It’s a little known fact that the eruption of Mr. St. Helens, and the continuing subterranean growls in the area, are purely mythic. What really happened up there in the land of perpetual rain and majestic mountains was that Doyle Kenady took a heavier than normal deadlift workout. It’s not a coincidence that those after-rumblings ceased on a certain day in April of this year.
Having previously looked at the history of the squat, bench press and even the smith machine, it seemed about time that we did a history of the deadlift. We’ve been putting this one off for quite a while, even looking at the Romanian Deadlift en lieu of the actual thing.
The stumbling block in approaching the history of the deadlift is the amount of smoke and mirrors surrounding one of the most popular exercises in the Iron Game. Someone writes something in a training book or blog and suddenly it becomes part of the popular lore. Actual research is a lot harder to come by. Nevertheless, it’s clear that deadlifts and variations on the deadlift have been around since time began. Man and woman kind has seemingly always displayed an insatiable desire to pick heavy things up from the ground.
For the sake of my sanity and timekeeping however, we’ll begin in with the eighteenth-century when a variation of the deadlift, of heavy lifting, briefly took England by storm.
There is a lot of talk in the press right now about the difference between leading an active lifestyle and actively exercising for fitness. The benefits of both these approaches are enormous, especially if you have a desk job. But can either be effective in improving your health? Generally speaking, if your health needs improvement, then increasing your activity might help. Is there more to it than that though?
Jogging for hours and doing hundreds of sit-ups a day should make you totally ripped, but what if your belly weight is still there? The reason why you can’t get rid of that stubborn fat are numerous and connected to your age, lifestyle, diet and stress level, so you need to identify your biggest opponents and learn how to defeat them. Here are five reasons why you’re not losing belly weight and what you can do about it.
The old saying goes that you are as old as you feel. This is most definitely true in spirit, but when it comes to your body – your actual age starts creeping up on you pretty fast. After your 50th birthday, the changes become more rapid and a lot harsher. This is exactly the reason to get ahead of the curve and start paying proper attention to what you eat and how you treat your body. Start scheduling regular checkups and once you make an exercise plan stick to it no matter what.
Never afraid to promote his own products in line with good workout advice, Bob Hoffman and York Barbell were once the go to suppliers of knowledge within the Iron Game. A position Hoffman often used to great financial and sporting advantage.
Nevertheless Bob and his team did produce some good pamphlets on training as evidenced by the following course. Aimed primarily at the beginner and intermediate, the programme stressed good form, heavy weight and progressive training as the trifecta needed to build a solid and muscular base. So without further adieu, here is Hoffman’s Leg Developing Course in an abbreviated form.
It’s always interesting to me to ask the various champions I interview how they prefer to train their chest muscles because chest has always been a difficult muscle group for me to develop. I always want to know what the other guys are doing. You never know when you might pick up something new that will help.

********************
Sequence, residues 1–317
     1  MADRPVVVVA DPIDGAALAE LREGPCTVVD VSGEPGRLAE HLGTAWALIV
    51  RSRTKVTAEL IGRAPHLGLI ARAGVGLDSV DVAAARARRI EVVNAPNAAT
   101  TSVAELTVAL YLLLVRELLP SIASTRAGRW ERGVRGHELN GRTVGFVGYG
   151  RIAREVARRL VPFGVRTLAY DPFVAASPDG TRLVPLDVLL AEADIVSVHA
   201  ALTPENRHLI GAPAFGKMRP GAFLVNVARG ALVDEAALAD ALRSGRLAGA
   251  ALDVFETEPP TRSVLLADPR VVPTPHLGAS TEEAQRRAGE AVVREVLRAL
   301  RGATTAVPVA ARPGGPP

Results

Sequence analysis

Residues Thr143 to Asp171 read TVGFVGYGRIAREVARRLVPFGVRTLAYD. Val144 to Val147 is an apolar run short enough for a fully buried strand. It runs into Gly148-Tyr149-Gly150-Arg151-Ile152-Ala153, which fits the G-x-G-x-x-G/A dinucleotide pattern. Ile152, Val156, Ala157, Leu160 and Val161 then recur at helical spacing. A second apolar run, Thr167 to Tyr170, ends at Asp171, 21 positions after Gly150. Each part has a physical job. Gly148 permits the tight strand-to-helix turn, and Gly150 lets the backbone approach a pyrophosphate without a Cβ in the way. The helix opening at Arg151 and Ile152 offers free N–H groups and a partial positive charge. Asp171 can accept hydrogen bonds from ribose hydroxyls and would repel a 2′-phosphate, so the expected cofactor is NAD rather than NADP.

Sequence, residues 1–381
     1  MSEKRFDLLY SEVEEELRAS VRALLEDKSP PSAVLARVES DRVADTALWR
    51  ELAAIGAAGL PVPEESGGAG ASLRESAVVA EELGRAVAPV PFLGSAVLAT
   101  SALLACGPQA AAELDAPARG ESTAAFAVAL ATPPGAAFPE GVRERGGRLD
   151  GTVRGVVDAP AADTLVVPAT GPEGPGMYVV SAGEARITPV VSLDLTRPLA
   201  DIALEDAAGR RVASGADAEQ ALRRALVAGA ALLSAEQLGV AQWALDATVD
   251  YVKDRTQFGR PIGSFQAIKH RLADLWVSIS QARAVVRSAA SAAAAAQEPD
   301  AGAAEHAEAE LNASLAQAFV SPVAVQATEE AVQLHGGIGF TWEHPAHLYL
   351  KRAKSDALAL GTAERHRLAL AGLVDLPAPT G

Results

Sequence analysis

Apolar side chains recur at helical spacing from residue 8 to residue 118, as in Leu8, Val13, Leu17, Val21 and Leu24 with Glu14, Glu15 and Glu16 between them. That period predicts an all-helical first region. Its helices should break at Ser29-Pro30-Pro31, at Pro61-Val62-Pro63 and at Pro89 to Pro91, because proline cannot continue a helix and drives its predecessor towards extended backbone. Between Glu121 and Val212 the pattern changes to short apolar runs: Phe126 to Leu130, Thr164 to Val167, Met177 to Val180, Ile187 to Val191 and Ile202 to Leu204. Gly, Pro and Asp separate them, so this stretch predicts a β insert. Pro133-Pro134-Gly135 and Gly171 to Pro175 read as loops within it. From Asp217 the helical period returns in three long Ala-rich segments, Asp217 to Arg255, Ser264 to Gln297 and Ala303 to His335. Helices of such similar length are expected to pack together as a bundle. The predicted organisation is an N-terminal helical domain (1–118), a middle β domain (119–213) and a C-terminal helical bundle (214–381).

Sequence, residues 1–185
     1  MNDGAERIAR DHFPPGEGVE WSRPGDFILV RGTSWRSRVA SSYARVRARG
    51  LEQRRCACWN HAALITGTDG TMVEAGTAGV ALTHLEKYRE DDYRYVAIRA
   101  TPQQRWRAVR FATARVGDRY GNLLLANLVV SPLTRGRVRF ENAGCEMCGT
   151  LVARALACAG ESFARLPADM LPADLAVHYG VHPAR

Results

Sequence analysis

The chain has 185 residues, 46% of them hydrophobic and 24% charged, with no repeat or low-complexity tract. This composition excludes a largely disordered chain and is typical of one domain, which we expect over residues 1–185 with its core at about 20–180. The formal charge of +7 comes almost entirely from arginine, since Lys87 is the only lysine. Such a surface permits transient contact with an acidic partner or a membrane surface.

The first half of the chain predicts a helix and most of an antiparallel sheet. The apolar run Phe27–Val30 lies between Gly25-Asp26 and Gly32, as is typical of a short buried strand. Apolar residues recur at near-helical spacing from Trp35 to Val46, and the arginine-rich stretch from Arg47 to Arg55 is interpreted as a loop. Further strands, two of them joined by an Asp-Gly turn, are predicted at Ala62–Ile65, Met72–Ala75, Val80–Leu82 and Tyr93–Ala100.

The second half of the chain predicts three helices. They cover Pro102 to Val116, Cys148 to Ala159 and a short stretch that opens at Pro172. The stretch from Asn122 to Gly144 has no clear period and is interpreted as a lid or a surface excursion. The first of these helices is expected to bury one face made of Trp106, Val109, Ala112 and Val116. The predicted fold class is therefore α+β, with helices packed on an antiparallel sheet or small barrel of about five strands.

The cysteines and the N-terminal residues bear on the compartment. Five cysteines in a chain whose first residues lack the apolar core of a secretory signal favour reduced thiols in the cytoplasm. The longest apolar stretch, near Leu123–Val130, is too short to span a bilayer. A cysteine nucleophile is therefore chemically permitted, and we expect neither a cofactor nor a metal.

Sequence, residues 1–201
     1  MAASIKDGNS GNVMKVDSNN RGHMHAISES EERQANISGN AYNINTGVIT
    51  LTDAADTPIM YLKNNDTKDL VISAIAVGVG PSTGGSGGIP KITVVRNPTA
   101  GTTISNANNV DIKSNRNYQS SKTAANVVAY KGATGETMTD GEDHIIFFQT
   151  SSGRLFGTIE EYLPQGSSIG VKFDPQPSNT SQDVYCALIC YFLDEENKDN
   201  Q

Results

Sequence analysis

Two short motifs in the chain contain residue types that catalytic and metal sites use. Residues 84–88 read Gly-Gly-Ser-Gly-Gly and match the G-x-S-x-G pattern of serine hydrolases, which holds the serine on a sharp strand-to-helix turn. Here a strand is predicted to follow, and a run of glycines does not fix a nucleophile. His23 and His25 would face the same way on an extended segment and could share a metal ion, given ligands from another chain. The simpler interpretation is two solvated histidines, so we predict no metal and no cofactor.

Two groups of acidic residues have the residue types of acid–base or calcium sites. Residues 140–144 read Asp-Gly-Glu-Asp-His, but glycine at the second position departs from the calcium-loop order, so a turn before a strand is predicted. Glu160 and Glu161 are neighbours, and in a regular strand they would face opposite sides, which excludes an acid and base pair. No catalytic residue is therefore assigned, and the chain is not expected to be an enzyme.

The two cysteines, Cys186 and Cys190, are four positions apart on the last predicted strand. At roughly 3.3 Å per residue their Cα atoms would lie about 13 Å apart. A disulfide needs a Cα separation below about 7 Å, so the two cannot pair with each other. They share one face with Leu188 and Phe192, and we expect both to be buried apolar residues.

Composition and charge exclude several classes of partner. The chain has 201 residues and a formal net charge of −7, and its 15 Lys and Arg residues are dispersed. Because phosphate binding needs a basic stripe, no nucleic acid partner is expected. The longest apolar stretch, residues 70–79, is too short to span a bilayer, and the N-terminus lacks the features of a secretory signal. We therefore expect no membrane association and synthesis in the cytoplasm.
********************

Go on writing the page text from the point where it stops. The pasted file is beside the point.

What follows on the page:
Some guys are power freaks, and will mostly handle monstrous poundages for low reps. Bertil Fox comes to mind as one pro who trains his chest this way. Then there are those who prefer light weight, high reps and lots and lots of sets. Serge Nubret is probably the best example of this mode of training. Without a doubt, though the preferred method of training chest is to use a variety of movements to hit the chest from various angles and to vary the reps from low to high. This approach seems to ensure that you hit all parts of the chest and the various muscle fiber types.
For Alq Gurley, Mr. Universe and recent third-place finisher at the Pro Ironman Invitational in February (which qualified him for the Mr. Olympia contest this fall), chest work is a combinations of the last two types of training. Like Serge Nubret he does plenty of sets — about 25 sets per chest workout — but he generally keeps his reps in the 10 to 12 range. He doesn’t pyramid down to heavy sets of five or six reps, as he worries about possible career-threatening injuries. And he doesn’t go up to 15 and 20 reps a set like Nubret, because he feels 10-12 reps are best for mass.
Undoubtedly one of the most successful and aesthetic bodybuilders of the past century, Steve Reeves holds a special place in the hearts of iron lifters. Known for his remarkably genetics and interesting exercise variations, Reeves was the poster boy for mid-century bodybuilding.
We live in the world today where money is our top priority to survive; we often forget those things that are both free and essential. We obviously need to work to eat, but it doesn’t necessarily apply to exercising. We are not pointing to those methods that need some equipment to work; there are a lot of ways in order to stretch our muscles out a little bit and stay fit.
Indeed, there are a lot of health benefits daily exercise can give you. Most of these benefits are essential to living a happy and quality life. Have you ever wondered what daily exercise could do to your body?